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Geneva advertiser-gazette. (Geneva, N.Y.) 1902-1917, May 01, 1913, Image 3

Image and text provided by Rochester Regional Library Council

Persistent link: http://nyshistoricnewspapers.org/lccn/sn84031547/1913-05-01/ed-1/seq-3/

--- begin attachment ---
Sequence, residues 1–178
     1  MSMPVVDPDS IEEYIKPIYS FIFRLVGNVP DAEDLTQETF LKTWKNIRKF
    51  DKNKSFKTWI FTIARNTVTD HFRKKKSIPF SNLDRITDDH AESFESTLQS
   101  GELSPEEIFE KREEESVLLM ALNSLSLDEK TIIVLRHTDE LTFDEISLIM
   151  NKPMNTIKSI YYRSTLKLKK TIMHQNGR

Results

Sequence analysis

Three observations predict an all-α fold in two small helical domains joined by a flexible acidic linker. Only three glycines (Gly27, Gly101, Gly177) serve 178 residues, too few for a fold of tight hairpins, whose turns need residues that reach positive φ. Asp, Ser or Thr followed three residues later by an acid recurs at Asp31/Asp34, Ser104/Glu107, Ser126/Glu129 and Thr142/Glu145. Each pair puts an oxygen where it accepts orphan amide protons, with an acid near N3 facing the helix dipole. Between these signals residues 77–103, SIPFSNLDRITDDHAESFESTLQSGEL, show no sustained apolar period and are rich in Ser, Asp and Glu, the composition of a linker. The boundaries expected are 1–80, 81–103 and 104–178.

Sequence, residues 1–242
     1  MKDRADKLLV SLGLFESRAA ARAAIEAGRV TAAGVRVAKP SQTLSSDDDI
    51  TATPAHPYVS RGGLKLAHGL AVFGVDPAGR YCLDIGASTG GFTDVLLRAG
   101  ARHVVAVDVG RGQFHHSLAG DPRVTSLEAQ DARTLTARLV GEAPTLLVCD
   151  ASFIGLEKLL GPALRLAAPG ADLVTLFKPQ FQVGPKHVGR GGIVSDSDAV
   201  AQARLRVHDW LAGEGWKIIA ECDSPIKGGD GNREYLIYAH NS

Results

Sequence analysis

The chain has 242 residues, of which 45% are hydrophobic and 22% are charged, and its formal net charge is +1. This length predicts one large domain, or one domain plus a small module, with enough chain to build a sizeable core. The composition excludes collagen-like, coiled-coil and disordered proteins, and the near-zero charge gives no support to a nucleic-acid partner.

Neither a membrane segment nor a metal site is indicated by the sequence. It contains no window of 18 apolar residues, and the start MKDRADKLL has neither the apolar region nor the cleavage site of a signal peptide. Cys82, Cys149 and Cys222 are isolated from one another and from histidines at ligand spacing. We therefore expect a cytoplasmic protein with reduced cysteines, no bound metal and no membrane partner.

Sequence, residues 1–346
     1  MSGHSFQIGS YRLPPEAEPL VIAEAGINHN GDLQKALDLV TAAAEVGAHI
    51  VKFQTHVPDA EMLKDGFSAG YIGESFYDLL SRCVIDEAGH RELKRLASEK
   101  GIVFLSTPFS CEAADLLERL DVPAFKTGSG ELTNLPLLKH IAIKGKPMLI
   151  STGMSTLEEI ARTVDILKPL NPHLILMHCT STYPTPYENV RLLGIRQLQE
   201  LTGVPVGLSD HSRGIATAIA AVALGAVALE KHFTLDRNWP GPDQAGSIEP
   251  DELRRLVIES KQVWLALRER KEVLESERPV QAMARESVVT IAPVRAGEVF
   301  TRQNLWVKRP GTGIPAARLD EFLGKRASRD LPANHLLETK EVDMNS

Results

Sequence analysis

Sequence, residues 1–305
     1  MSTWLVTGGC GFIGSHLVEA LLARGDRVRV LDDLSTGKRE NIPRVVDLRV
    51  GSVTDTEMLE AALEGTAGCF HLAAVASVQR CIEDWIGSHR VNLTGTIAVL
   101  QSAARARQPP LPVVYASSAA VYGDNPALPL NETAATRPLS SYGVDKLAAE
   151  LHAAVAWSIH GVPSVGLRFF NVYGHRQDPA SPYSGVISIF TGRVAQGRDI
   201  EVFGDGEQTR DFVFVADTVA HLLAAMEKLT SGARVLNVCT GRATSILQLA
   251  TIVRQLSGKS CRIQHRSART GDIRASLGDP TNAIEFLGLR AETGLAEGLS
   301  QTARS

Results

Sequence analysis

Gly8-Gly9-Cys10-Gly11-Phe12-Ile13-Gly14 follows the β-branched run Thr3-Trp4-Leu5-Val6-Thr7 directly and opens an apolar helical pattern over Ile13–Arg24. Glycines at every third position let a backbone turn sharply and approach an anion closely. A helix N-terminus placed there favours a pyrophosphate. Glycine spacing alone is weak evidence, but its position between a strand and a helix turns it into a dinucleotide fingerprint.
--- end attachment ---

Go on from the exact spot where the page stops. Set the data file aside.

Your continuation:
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.'ST- ARE 'YOU' GOING TO PAINT? ARE YOU Going to Paper? Of course you are, and you want work done rignt, to the queen's taste, so you had better call at. Fairfax Brothers CORNER CASTLE AND. LINDEN STREETS and select your colors of Paints, your qualities of Wall Paper and Moldings and leave the rest to them. •sr —^Oless jtfre heavy rains Ipf last Sunday and, Monday have damaged th«* fruit, blossoms, \ tbe promise now being almost doable what ttiey have Thousands of Rolls of wall paper and borders to select from. The rush season has begun, better call at once and take j our turn. \^ Fairfax Brothers Manufacturers and Dealers. i» for anl abundant crop of all kinds of fruit, especially cherries, apricots and peaches. —Last evening Ark Lodge No. 33 F. & A* M. held a special communica- tion arid conferred the Master Mason degree upon a full class of candidates. The lodge also received an 'official visit from Rt. Wor. E. A. Griroth' D. D. G. M. ereiaf a-gettninejkiefeo^er thai - street sprinkling charges oH^sfe year, • t^O*/TuesdayHsejtt .the 132nd annual communication of the grand lodge, of Free and Accepted Masons I ^ Dr * h ' L ' Vatt S1 ? ke is in Ruj ? A Spring Suit FOR Style Workmanship Values Individuality ^tlxicrtiscv-CSSa^tte* Thursday, May 1, 1913 TRY ROGAJS & JOHNSON . CLOTHIERS AND FURNISHERS - - 16 SENECA ST. GENEVA. N.Y. J. F. McKENNA STRICTLY ANTISEPTIC SHOP 512 EXCHANGE STRfcET OWEEDIsH Facile Massage removes Pimples, r*t Blarkbeadt and Wrinkles. CRUDE OIL CHAM- Huit » specially. Children's Hair Cutting neatly .l,mc We carry a line of all the latest Tonics. A!~.• i* the he--t place in ueneva to get your Razor lh.i.e.i J. F. McKENNA. i.-Mela, net ID. 191-2]V T \MIE I'EUPLE OF THE STATEOF NEW YORK m THE uKACK UF U1JU FREE AND lNDEPKNDSNT, r.. i liarlcs I.tttlewood, Wilmot E. Shafer. Jen- nr-ttr H -iliafer. Emersini Littlewood,C. Frederick <• ra;: e Whereas C. Frederick Crane has petitioned the ^armsate's Court of our County of Ontario to Un\c a certain instrument in writing relating to •\••.threat and personal property, duly proved as ttte last will and testament of Harriet E. Plant ..lie ..t the city of Geneva In the County of Ontario jci state of New York, deceased: Therefore, you and each of you are hereby cited .\ appear In the Surrogate's Court, before our Mirrouate of the County of Ontario, at the Surro- gate v ufflee In the City of Geneva, in said County •Mintario on the ltith day of May 1913. at ten • • loi K in the forenoon of that day, and attend \.'it prubate of the said last will and testament. Aii'l the above named whfi are infants are hereby '. .tiaed to then and there show canse why a spe- •al iC'iarulan should not he appointed to appear for itieiu UQ said probate, on the application of the Jetltiulie!- In testimony'whereof, we have caused 'he seal of the said Surrogate's Court to be hereunto affixed. 1 \• Witness, Hon. Harry I. Dunton, Surro- gate of said County, at Canandai- sua, the 28th day of Mareh, one- thousand nine hundred and thir- teen. JOHN D. HARKNESS, Clerk Surrogate's Court. i' W HKS. A'toraey for \Executor i.eneva, N. V. apr3w7 r ,M.D. \ J A. L. SWEET, 379 MAIN STREET (The Clapp House) » OFFICE HOURS 9:30 to 12 M. 2:30 to 6 P.M. (Office Practice Only) DR. J. W. DAY. Specialist m all chronic diseases, especially of tha Lungs, Liver and Sexual organ*. \•Saturdays 10 a. m. to 5 p. m. •* indays 10 a. m. to 12 m. 1 ifhce hours all other days by appointment. r< rtnaneui office. Castle Street opposite Post- )ffi . lieneva, N.Y. C. H. McCumber, Piano Tuner, 64 Elm St.. Geneva, N. Y Will be pleased to give references from many of •ie owit musioiaas tn (Geneva. Ph^ie 321-A The Canandaigua Times says: \The Rochester and Eastern railway Company is preparing to install a system of electric block signals on its hue between Rochester and Geu- eva. The signals will be installed at an averse distance of 3,500 feet apart. This will enable cars to fol- low each other and have suitaole rear protection. At the speed at which ears travel on the Rochester a$d Eastern the card will be held at ap- proximately one and three-quarters minutes apart. The signals will also protect the single track and practi- cally make a double track of the line. There will be 2\'l signals installed, 56 for east bound and the same num- ber for westbound use. In most cases, they will be placed opposite ftoh other,\ HOME MATTERS. —Cherry trees are in bloom and give promise of an abundant crop. —A new time table goes into effect on the Ler/igh Valley railroad today. —Tomorrow is Arbor Day and it will be generally observed in tbe Public Schools. —The annual musical festival of the Geneva Choral Society is held tomorrow in Smith Opera House. —Geneva Commandery No. 29 Knights Templar will confer tbe Order of Red Cross on Monday even- ing of next week. —From present indications the new house for Hydrant Hose Com pany on Geneya street will be ready in about two or three weeks. —The Watkins Review says \Wonder if the C. O. S, Y. S. Fire- men's Association is dead ? We don't hear any more about it.\ — An effort is being made to ob- tain a prominent woman speaker for the Progressive party dinner to be given at the Canandaigua hotel, dn May 25th, —Charles H. Betts of the Lyons Repbulican was elected president (of the western New York Publishers Association at its meeting held in Buffalo last week. --Within fifteen hours 'three fires occurred in Seneca Falls on Saturday and Sunday last, the total loss amounting to about $15,000. The origin of all the fires is unknown. —Harold Frost attended the mar- riage of Miss Hazel Howe Clarke of Canandaigua and George Jacacks Deuniston of Watedoo, formerly of Canandaigua, on Thursday afternoon of last week. —During, the past few days there has been a sharp drop in the price of butler, especially on creamery grades. The sale of strawberries has been slow owing to the unfavor- able weather. —At the Motion World today is being shown the \Battle ot Bull Run.\ Tomorrow is \The Theft o* the Secret Code\ and on Monday the \Inauguration Pictures\ and \Track- er by Wireless.\ —In baseball matters the Chicago Nationals are at the top with New York a close\ second. The Rochester team has dropped to the second divi- sion. Newark and Baltimore are playing an even game. —Beginning on Saturday, May 2, the employees of the Patent Cereals Co., will receive a ten per cent.\ in- crease in, their salaries. .There are about 90 employees in the plant who will receive the increase. —The resignation of Rev, George Ott, pastor of the German Evangeli- cal church, took effect on Sunday last, at which time he preached his last sermon. Mr. Ott will remain here until for a short time. ? —Walter J. Curtis haj closed, a it contract to'tieliver all cokfe for The Semet-Solvay Company this season. The business is to be handled by 0. E. Rapalee who will! have an office with the Empire Gas Company. —Smith Opera House is closed for tbe season or until August next. Manager Gutstadt had planned for two more attractions to appear there but thev have been called -off. The house has been leased to a roov.ftrg, picture concern until fall. —The iron work for the frame of the new City Hall is being rapidly placed in position. When this la finished contractor Schnirel will bus- tle along the walls. Work on #e fire house is also moving along now that the maierial a ha> arrived! —We acknowledge the Receipt of a Supervisors manual /rem* Gounty- Attorney P. H. Leahy. It contain* a hat of member* of the Board of Supervisors,, also th© rul«» and order of business of tbe Boardafld the names of tba oounty oAofff. 7 —The officers of the Geneva Auto- mobile Club chosen at the banquet held at the Hotel Seneca last week are,: President,, Walter Howard, Vice president/ John W. Mellen, secretary, Charles W. Fairfax, tieas- urer, William O'Hanlon. —Plans* are being made for the entertainment of 75,000 guests in Roohester during the meeting of the Elks which is to be held in that city, beginning Monday,July 7th. That will be a lively week for Roohester. The sessions will be held in convention hall. —Supervisor Charles J. Root was in Canandaigua on Friday and with Supervisor Rosooe F. Hall of' Seneca and Edward W. Smith of Manches- ter who compose the committte on county buildings, arranged to Have the Court House and other buildings painted. —One reason given why there is not barley raised now days as thei.e used to be is that farmers are giving their attention to the dairy and fruit. In 1890 there was raised 8„000,000 bushels and only about 1 ,,000,000 bushels of this product is raised an- nually in this state. —With the play of . \The Old Homestead\ given last Saturday, the season at the opera house closed. In one respect at least it has been a very successful season, in the charac- ter of the entertainments. Very soon the opera house will be opened as a first class moving picture play house. —The one hundredth and seventh annual convention of the State Medi. cal Society began its sessions in Rochester on Tuesday and closes todav. This is the first time this convention has been held outside of the city of Albany. Many physicians from this section of the state are in attendance. —The National Guard was again called out in Auburn Tuesday night for duty at the Twine mill of the In- ternational Harvester Company. Strikers that reported for work say that pickets had assembled in front of their homes and threatened an attack if they attempted to enter the plant or return to work. —Rather a sudden change from overcoats and furs on April 19 to straw hats and summer wearing ap- parel on the Wednesday following. This extreme warm weather is bring- ing out the foliage and buds pretty lively. Several furnace fires have gone out and perhaps not to be started again until r.ext fall. —The prospects for A winning base ball team at Hobart this season are good. The club has been strength- en by several new members who have been drafted from the freshmen class. Boswell Field has been put into excellent condition the diamond is fast and well graded. Cttpt. Wood will again be seen at second base. —The proposed amendments to the city charter, one for an increase in the salary of the oity assessors from $200 to $350 per year, and the other that the receipts of the dog tax shall be applied to the police pension fund after the expenses of the collection of the tax has been paid, have been vetoed by the Gov- ernor. —Judge * Harry I. Dunton has appointed Anna Elizabeth Ringer of Seneca and Mary R. Patton of Geneva town as administratrixes of the es- tate of their mother, Phoebe Ann Ringer, who died in Seneca on Feb- ruary 13 last. Both sisters have filed separate petitions each request- ing authority to administer tbe $4,200 estate. —The Mercy and Help Depart- ment of the Methodist church will hold a Rubber Social m the Sunday School room Friday evening. A~rausical and literary program will be'rendered, in- ducting a solo by Mr. Paul Bitter,an.d the famous \ Woman's- Rights\ speech. by Miss Ruby Kenfield. Ice cream and pop corn vHll i>e served. Admits tance Old RUBBBBS o» Av DiarE. A cordial in vitation is extended to alt. I - • —Rev. Dr. A. B. Temple and Mrs. Temple of Seueoa were very .pleasantly and completely surprised on Monday evening ot last week at the Manse, by a company of about eighty members of his church. After the general greetings! and asocial hour * bountiful supper waa served. Re*, and Mrs. Temple were presented with a beautiful collection of but flowers, chiefly roses, also a *um of money in gold. —The hi^h price of poultry ancl eggs last wiiitei and^ejMi$:t©; toe present tinte has iuduced^nany;to gd^xtenswely into ftotiltry raising. We know of one patty on a place of less than forty acre* *bo now has 1600 hehs and yoniig obiokSj and i» going to set 100 more, hens, opt d*- pendintf on incubators. That wilt mean at feast on* thousand more; That part? ^11 Wrtainly hata poultry to tilluas* wittier.. been in ^U former years as shown by .the bills rendered to \property owners ojn Castle street. If the bills are as -high this year, everybody along that street will protest the sprinkling next year. It is too much when added to all the other taxes. —The death of Martin Nilaud at one time a shoemaker of this . city occurred at Hopewell on Sunday; at. tbe age of 74 years. He was a former member of the 34th Separate\ Company, • N. Y., and a member of the veteran association of that com- pany. He is survived by three daughters all of whom live in Phila- delphia. The burial 'was held from the home of his nephew, Timothy F. Niland in this city on Tuesday. —The repairs and alterations to \Lochland\which have been going for some time are about completed. The place was bought ,jSome time ago by E. McM. Mills, a lawyer of Buffalo, and he is having it made over for a summer home. The work has been done by R. E Williams, a Buffalo contractor, and under the direction of Rufus Noonan also of Buffalo. Mr. Williams rebuilt the Bellewood barns' that were destroyed by fire about two years ago. —The Park Commission haVe had qut down several trees in the north end of Pulteney Park, the work being commenced- on Tuesday morning. Property owners at that end of the Park set out at once to have the work stopped but they were not successful until the men engaged 1 in the work had felled several trees. Some of the trees ordered cut are dead and others are not and it is the cutting down of the live trees that has caused a s|orm of protest. —A great majority of the deaths of the young, particulary during the summer, are due to infection, by bac- teria. In order for these great enemies of mankind to thrive there roust be means for their growth, and dirt is the culture field or breeding places. The germs which enter, milk and other food are deposited by flies, through the\mean8 of circulating dust or othersi$e. Sunlight, the removal of garbage, and the use of hot water and plenty of soap are the best means of reducing this source ot danger. Hence get busy and clean up. —The death of Albert C. Gordon, of Auburn, a brother of Mrs. G. W. Gasper of this city occurred at the City Hospital in that place on Sun- day morning, after a long illness with heart trouble. He was aged 70 years. Mr. Gordon was one of the oldest printers in this section. He began his career in Auburn, working on the newspapers in that city. -He also worked in the newspaper office's of this city for many years. Although a deaf mute he was considered a very competent workman. His wife who also survives him is also a deaf mute. -The funeral services were held in Auburn on Tuesday. —On Saturday evening about eight o'clook the farm house on the Frank Fisher farm on the state road west of this city was destroyed by fire. The house was occupied bv Walter Christ<Misen and family who worked the farm. At the time the fire broke out the family were in the city. Just what wnat caused the fire is not known. Mr. Fisher and others who visited the place on Sunday discover- ed one of the large trees that stand near the house was split from top to bottom and it is believed that pos- sibly the tree had been struck by lightning and communicated to the house. At the time the fire broke out a thunder storm came up and several flashes of lightning were noticed in that vicinity. Mr. Christensen lost everything. —It seems that the Superinten- dency of the Cayuga and Seneca canal hangs in the balance. The waring factions have\ not got to- gether and just who is going to land the job hhs not yet been made pub- lic. James H. Clary of Waterloo, who has been disbursing clerk for two years, claims to have filed his application and signatures of the Uia^ority-oif the Democratic County Committee a week before' Earl D. Clark of that village took action to get the position. Clark was named clerk in VanRiper's list. William J. Rogers; of Seneca Falls insists that he if to be the jiext: superintendent In plajce of Mr. Van Riper. His friends have obtained a list of signa-* t.ures. j They claim .that Mr. Van* Riper ijs in an acting capacity. —^Mr. Henry Stqwell, editor of the Seneca Falls Meveilki passed ni8 79th birthday last Monday, April 28th, |913. His looks^ his speech, his-every-day activity, fairly belie the statement of hia age \; but when we look bjaok.to the old days of news- paper life, we know that the states ment is correct, for tie\ has edited that o|no paper 6Eop ;' fifty*four years, beating our record just three; years today, for it wa« '^nithe'firiitday of May, ISfiSS, that we took\ aft feafe of the Gazette m$ \that day became its editor. Jly'hat JMfo,/; StoweW does not know; about newspaper work is hard- ly worth learning. How many of his early editor friends ha» he seeft drop- out 1 We couid*n*tno W Bast thirty within si^ty flailes :M his \horne , in^ eluding six k QeneVai It is^freat record, itud from his looks and the way he gets around among his friends he i* good for ten years more of it. «So nioti k hav * * will open in New York ICity. Wor. E. A. Griffith, B»*. D, G. of this district will attend.' Personal. jjj\> raonpYVa., this week. M., —The New York Central has a rranged to again open a city ticket office up street, and it is expected to be in the bookstore of E. J. Mulcahy on Seneca street. It will be a great convenience,, for there one can, get the hours of the arrival ahd departure —^Willis Henderson • is home fro Philadelphia on a*brief stav. ! , f f —MM. W. L. Pottle ot Napl! ( was in the City on Friday, of la] | week.\ ' —Aubrey Slosson of New York lis visiting his mother, Mjrs, H. L. Slojs- son. L \Rules of service;\ T. Henstridge of of the trains as well as securing!] __ tickets- I —The Brotherhood of St. Andrew, of the diocese of Central New York^ will hold its annual convention lii St. Paul's church of Waterloo, next Saturday and aunday. Saturday, 10:30 a. ro., opening service with sermon by Bishop C. T. Olmsted;, 3 p m., mass meeting with addresses by Leon^F. Healy, president ot the assembly, on Rev. Frederick t Oswego, chaplain of the assembly, on \Rules of prayer;\ Rev. F. S. Eastman of New Hartford, on \Per- sonal example;\ 7:30 p. ID,, business meetiug; 8:30, preparation for cor porate communion, Rev. Dr J. B. Hubbs, D.D., of Geneva. —It is possible that many from nere who are expecting to attend the Grand Conclave of the Grand Com- mandery of Knights Templar to be held in Albany in June, will go to New York, Lake George and other plaoes that are being arranged as •side trips. The New York Com- manderies are planting to go to Albany by one of the largest steamers on the river and they may tender the bo$t to all who may wish to go to New York by daylight. Se veral of the local commandery made this trip the last time the com- mandery met in Albany. There is going to be some • big doings this year as this is the 100th anniversary of the Grand Commandery of the State. Many of the local Sir Knights are already planning for the pilgrim- age. Geneva Commandery should have 100 swords in the parade to be held on June 17th, and from present iudications it looks as if it would have one of the largest representa- tives in several years past. Miss Elizabeth Root has returned home from Hobkirk Inn., Camdei S. C. —Harry Sniffin of Oak street wAs the week end guest of relatives in Rochester. . • i ' —Mr. and\ Mrs. J. B. Coutant havjje returned home from their trip to AC-. 'lant'ic City. - i —Mr. and Mrs. 0. S. Burrall havb returned from their trip to New York and Boston. 1 —Mr. William Sours of Detroi Mich., is visiting his aunt, Mrs. T Freedenburg of Park Ave. —Mr. and Mrs. O. G. Chase have returned home, after an absence several months in the South. —Mr. and Mrs. J. E. Giddin^s left on Tuesday for their summer home, \The WiUows,\ at Lodi. - J —The Misses Gertrude and Card- line Webster sailed on Monday f(j>r Europe, to spend the summer. | 5 —Mr. Clarence Derr of Soutlh West Street is home recovering frofn an operation of appendicitis. —Mr., and Mrs. M. E t! CAPITAL $100,000.00 SURPLUS $150,000.00 You are Safeguarded Against Lass when you pay by check. .You get the best possible receipt—you avoid overpayment. Accounts (large or small), subject to check are cordially invited. Capital ,$100,000.00. Surplus and Profits $150,000;.00. INTEREST PAID AT CURRENT RATES SAFE DEPOSIT BOXES TO RENT of Carpenters and Mason Helpers on Strike. This morning the carpenters and mason helpers are out on a strike, about one hundred in all. The car- penters want $3.60 a day, and the mason helpers $2.50 a day. The latter have been getting $#.40. All s worU about the city has been prac- ticaly stopped. Work on' the City Hall is moving along with a disorgan- ized force. Obituary- Philip R. Woodcock, a former well known resident, of Geneva, died at his home in Rochester Jast week Wednesday evening, April 23, 1913, aged about 73 years. He was a vet- eran of the civil war, serving until its very close. The last business he was engaged in was as salesman for the Phillips & Clark Stove Company, and this made him a resident of Geneva for many years, and none were more highly esteemed than he. He was a member of the Baptist Church, and their large Bible class bears his name, the \.Woodcock Class.\ He was an ardent Free Mason, joining all the ciders up to the 32nd degree in Rochester. In like manner he became interested in Geneva, and it Was partly through bis .efforts that so many Geneva Knights. Templar became Shriners, some eighty in all. He was the first President of The Geneva Nobles-of the\ Mystic Shrine, and took a leading part in all our charitable doings. The death oft his wife some ten years ago threw him. into a terrible nervous state from which he never recovered, and from that day .bis health was on the de- cline. Surviving him are-, two sons,- and one daughter, the latter the wife of a clergyman doing missionary < work in China. All who knew Phil. Woodcock, enjoyed his confidence, will realize, that tbey have lost, a warm friend., • —The death of John D. Coleman, aged 61 years Occurred last Tuesday afternoon'- at his home No. 2$6 Washington street. Several weeks ago Mr. Coleman suffered a stroke of apoplexy which made' it '•- necessary for him to retire from his positionrin the banking nous.e of John W. MeK len. On Saturday afternoon he had aqother «tr.dke\ jtod' sHice.thep :had gradually 'been sinking. .Mr. Oole> nj*n was foijmefly theuageht tmi^kh TJmted States Express Co^mgany in this city attliUter bookkeeper in the banking house of the late Samuel South worth and also was in the office of Dr. J, A.'SpengIer for-some tune. »££» leavesi^is widow; one daughter,' ; l&rs. lada (jl, SpjBrjgle^, -., of this i&ity, TJke funeral services will-be bold from bis late boine-.on Washington street, Friday• aftprnoon at % c'olock^and will be private.; ^ev.B.D. Camps- feeH* pastor- of ^he first^Methodist; church J will officiate.- Interment will ba iftadeCin Glenwood Cemetery, ^Or. Friedman is to get #150.000 and substantial royalties for the manufiusture of and sale rights of his tuberculosis culture^ '• i?im SiiAi-^-House, 195 Genesee also two lots on IProapeet a*enua. Inquire at 88 North street. Benedict have gone to Binghamton, for a brifef visit to their son, Fay Benedict. 1 —IVIrs. C. W. Fairfax has gone io Paola, Kan., for an«extended viait with her.sister, Mrs. W. B. Hensoti. —Miss Hattie Harris of Dresden was the guest of Mr. and Mrs. Fr^d Warder -of Goodele Terrace l4st week. ! I' • —Mrs. Connolly, daughter and s^n of Chicago are here tp attend t|ie marriage of her son on Saturday morning. —Mrs. E. A. Ellis,' of William street and Mrs. T. H. Truslaw, |of Main street, are iru New York tof a week's stay. j —Mrs. C. D. Vail who has beenjin Philadelphia for some time, the guest of her daughter, Mrs. Plumb has Ire- turned home. „ I i Mrs. Albert D. Heist and chil- dren, of High street, who have b^en m Buffalo for several weeks, have re- turned home. . « j —Attorney Charles D. Bean v\as a guest at the sixth annual banquet of the Sooiety of Wayne, at the hbtel Marlborough New York, on Sajturldav last. ! j —F. A. Bishop, agent ot | the American Express Company, wis in Rochester on Tuesday where he met several of the officials of the qom pany, —Miss Frances Gregory of High street and Mrs. F. A. Lewis of ifelm- wood ave., who have been spending the winter at Orjando,. Florida, nave returned home. j —Mrs. G.'W. Schumann and Mrs. H. D. Weyburn are in Ithaca taday attending the Western New York Missionary Cojvention, as delegates from the First Baptist church off this city. ! •—The marriage of Miss Elizalbeth McCormick to' Joseph Connelly both of Chicago will take place Saturday morning. a| nine o'clock ab St. Stephen's church. Miss McCo|roick is tbe sister of Mrs. A. L. Allegretti and has been spending several months here the guest \of her sister. —Mr. and Mrs. Charles WJ Mjc- Dougally of Castle street, ^celebratjed their twenty^fifth wedding -anpirlr- sary on Friday\ evening. A number of their immediate friends and rela- tives were present to offer their cjon- Telephone Directories to Prinier MAY 8TH Special Notice is given that the Spring Directories of the New York Telephone Company will close to the public May 8th. Our public is requested to make early- arrange- ments for desired changes in the list, including : New Telephones New Listings Changes in Listings Removals Changes in Address Advertisements Do not delay. Telephone or call at our Local Office. New York Telephone Company A six course .Sinner As a remembrance of hand- gratulation. was served. the event they received many some pieces, of silver. - Franchise Granted PHELPS, April 28.— The' jPhelps Town Board at a special meeting held Saturday night grantfed the Central New York Gas and Electric Company of:Geneva a franchise to lay •* gas s main through the' town high- ways In accordance with the] condi- tions specified in the application; Supervisor Salisbury went -on p record as opposing,the grant unless jthe gas compaiiy'eomplied with certain con- ditions. The'^e were that i*' Me a Sftrety bond'to protect thej, tdwn against: loss - in damage suits that might arise durisjg the consfrttctibu, that it Umit the (price of g|s in the town of Phelps to *l;25 Jer 1,000 feet and that it establish ja gas light at- each h%hway cornet along tb^ route in tire towii .of ifhejps^ In balloting Justice Oafes and Coraford^ voted in Javor J of the franchise; Justice Estey ajnl Olark Louden ; decltned to: vote; a,t|d Super- visor Salisbury yOtibd* againsf it, ^Pfie, gas company was repres|nted by W. M. GATES, Glove and Hosiery Specialist Our effort, to provide the best Hosiery and the best values obtaina- ble are suecesful. We are doing this yery thing and you are appreciating it in the way that will be to our mu- tual advantge. Stocks are now complete of the seasonable gauge weight, in all grades for women, men and children. While carrying the very fine qualities we are always strong with the popu- ar priced goods and show you great values at \2 for 25c,\ at 2oc, 35c, 50c a pair. The \Wayne Knit\ are solendid wearers. Their 25c grade will match the ordinary 35c,'and their 35c grade is equal to the usual 50c sorts. When you but Hosiery here you are safe. 522 Exchange St. List of Unclaimed Letters in Geneva, N. Y. Post Office ending May 1, 1913.. Buckley,F. Glaiur Lindlow, C F Barry/William Lock Box 196 Brown, Mrs. T E Leaoh, John A : Brown, T E Lenpioni, Brown, Mrs Isaac Anunziato Brennari, Mr J O Miller, R L Qurtin, W T McLaughlin, • \ Cook, Jos G Charles A • Cassidy, Robert Moore, Julia E 0'Malley, James Pgrsell, Clarence Reed, Mary Reigard, E H Dyke, J H Dumn/ Theo Ferrari, Frances Farrar, John R Fulton, Bently C Richardson, Graham, James Miss J E Gear Elisla Gouldj Mrs E •Ganfield, Lillian Hislop, W B Harris, Arthy Harford, James Roenke&Rogers Geneva, N. Y. A Large Variety of Best Values in Cur- ugs, Carpetjs, tains, Mattings, For- eign and Do mestic leum Smif h, Pauline Smith, A K Smith, Mrs David Robert Setzer, Geo T < treat, Pearl 2 Hopkinsj Deles H Townsend, Dainel Howell, W J . . Terry, Flossie Harbrouck, Mrs B Takiey, BF Johnson, Mrs Jennie Keating, Mrs Grace . KaufEmanj Alice Kauffroan, Mf'g Co Little, Amos Williams, G S White, May Waters,. Geo R Walker, Mrs Cluster Walters. Geo J Worthington, L C Zendu, Adolph In callihg for the above letters, ask advertise^. - \ \ \~^ 4. R. WYGKOFF, P. BI., city. The Largest Va- riety of Rugs lar- ger than 9x12 feet will be found at our store. If you intend buy- ing iny Floor Cov- ering this Spring let usSHOW tOl/ our Splendid As- sortment. •^i . 4t -j* -y % i f -*4 ftreft^ St —rThe strikers at tbe^-Aubji^-sp- t^rine^ mills ar^0;ermined^that jthe; mills shall not start operations,^ and an- other attack upon those wbjo want to return to woilt was made ]last.Tues- day. 1 A little more of this and the shops will lie dismantled! arid the mavtuuery moved away. s - Odd Fellows to Celebrate. Members of^OlC Oastle Lodge, -So* $Rfa,X :•<>» 0^1r?.j have made arrange^ meats to celebrate the 94th anniver- sary of the founding of the order with special.axercfees this evening in Odd Fellows* Temple, it is expect- ed that the occasion Will be honored by the presence; of District -Deputy A.. \VV- Wolfe, of Olifton SpringSi ahd Past District Deputy G. ' M. Kennedy, of t/anaBdaigua. There will alsd be a musical .jwogram and the evening Wilt,be-cpncluded. with.a supper.' * :.<.'' •\ XI Dr* Friedman, has really sold his cure for fljSQ&OOO it ; is^0^1*0? that it^ili be sold at cut late prices. Notice to Creditors- P tTBSTJANX to an order of the Surrogate'* Conrt<rf*i&e€biin£rof On^dclo, notice isbere toy glventG all ttersofis ha^ng eiwms a^ainstMarla •rfiCTesa Glark^atfe <*f' the City of Geneva, Ontario ObiBitywState &t~Sm \fcojk. deceased, to present Bated, AprH Mi 1913. ap!24mB IsAWKENCE GLABKv * WHiMAM K. CLABK* BE$rRTS-CI>ABK. ^^ Execntors. Estate of Sarah tally- -Taj t J \ 4 'iS^ttte* qf «sr wnivat.'»y S^^JF&SS;^-M V*iprllW*ia Exeeawr. t ^ '&„ &m$i%m^